Medical science efforts to harness the power of the immune system against cancer are beginning to bear fruit after decades of frustration, opening up a hopeful new front in the long battle against the disease.

In studies being presented Saturday, researchers said two experimental drugs by Bristol-Myers Squibb Co. significantly shrank tumors in some patients with advanced skin, lung and kidney cancers.

Especially promising was that the drugs worked against several types of cancer, researchers said of the early findings. Most of the patients whose tumors responded significantly to the treatment saw long-term results.

The new drugs empower the immune system to recognize cancer cells as an enemy and attack them, although the treatments can have serious side effects.

The immune system's ability to fight off the body's invaders has long been recognized against infectious disease. But cancer has largely escaped its reach and for decades fended off researchers' efforts to find a weakness. It turns out cancer shields itself by essentially putting the brakes on the human immune system.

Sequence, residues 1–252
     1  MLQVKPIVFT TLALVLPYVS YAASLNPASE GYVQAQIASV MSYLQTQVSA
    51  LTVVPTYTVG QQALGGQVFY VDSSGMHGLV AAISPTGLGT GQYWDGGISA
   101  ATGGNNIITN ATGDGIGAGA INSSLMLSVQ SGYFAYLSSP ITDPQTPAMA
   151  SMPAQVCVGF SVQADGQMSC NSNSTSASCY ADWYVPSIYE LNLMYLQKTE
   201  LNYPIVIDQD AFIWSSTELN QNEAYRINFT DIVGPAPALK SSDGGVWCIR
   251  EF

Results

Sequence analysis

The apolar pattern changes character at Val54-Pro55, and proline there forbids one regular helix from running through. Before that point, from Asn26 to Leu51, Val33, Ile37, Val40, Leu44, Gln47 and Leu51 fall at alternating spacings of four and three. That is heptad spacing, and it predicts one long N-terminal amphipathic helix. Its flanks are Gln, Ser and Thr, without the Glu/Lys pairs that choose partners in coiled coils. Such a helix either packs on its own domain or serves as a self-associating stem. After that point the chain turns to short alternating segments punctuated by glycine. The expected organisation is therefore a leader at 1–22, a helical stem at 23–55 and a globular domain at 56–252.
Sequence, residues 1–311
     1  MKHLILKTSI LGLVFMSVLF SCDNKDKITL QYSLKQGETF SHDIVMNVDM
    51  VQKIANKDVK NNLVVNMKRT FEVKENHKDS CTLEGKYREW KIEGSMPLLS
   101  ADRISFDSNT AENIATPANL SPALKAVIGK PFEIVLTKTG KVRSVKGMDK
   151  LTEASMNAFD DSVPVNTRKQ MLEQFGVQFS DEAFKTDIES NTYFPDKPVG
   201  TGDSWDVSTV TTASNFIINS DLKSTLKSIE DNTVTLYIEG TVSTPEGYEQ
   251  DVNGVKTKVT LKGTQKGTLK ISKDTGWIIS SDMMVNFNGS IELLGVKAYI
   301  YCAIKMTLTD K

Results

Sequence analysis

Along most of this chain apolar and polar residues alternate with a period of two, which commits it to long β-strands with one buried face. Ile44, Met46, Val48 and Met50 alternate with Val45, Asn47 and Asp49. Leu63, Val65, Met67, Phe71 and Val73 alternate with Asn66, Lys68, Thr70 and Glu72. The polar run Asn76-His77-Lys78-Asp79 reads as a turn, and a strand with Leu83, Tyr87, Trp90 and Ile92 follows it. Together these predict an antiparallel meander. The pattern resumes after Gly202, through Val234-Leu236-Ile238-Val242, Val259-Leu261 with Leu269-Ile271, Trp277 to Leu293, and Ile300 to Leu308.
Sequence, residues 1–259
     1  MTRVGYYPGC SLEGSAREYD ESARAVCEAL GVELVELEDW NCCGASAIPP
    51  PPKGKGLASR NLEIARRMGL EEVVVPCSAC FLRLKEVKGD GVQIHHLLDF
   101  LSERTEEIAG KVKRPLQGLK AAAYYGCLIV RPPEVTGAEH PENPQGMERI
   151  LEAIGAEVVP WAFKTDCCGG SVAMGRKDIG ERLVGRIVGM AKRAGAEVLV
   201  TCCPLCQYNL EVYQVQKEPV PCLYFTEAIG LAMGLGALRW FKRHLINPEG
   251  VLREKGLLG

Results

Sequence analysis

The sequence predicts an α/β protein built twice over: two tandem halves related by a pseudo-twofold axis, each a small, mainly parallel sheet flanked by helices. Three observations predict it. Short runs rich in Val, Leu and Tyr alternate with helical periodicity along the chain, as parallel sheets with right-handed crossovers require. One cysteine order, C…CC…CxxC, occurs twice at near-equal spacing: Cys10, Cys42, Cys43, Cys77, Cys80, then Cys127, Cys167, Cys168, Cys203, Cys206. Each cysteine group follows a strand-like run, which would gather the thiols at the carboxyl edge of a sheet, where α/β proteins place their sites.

Recent discoveries have led to advances in how to unleash the immune system, though one challenge has been to jump-start the body's defenses without injury to healthy, normal cells.

Researchers say the latest advances are beginning to trigger this process, and a host of other companies, including Roche Holding SA's Genentech unit, Merck, & Co. and GlaxoSmithKline  PLC, are also pursuing the so-called immunotherapies.

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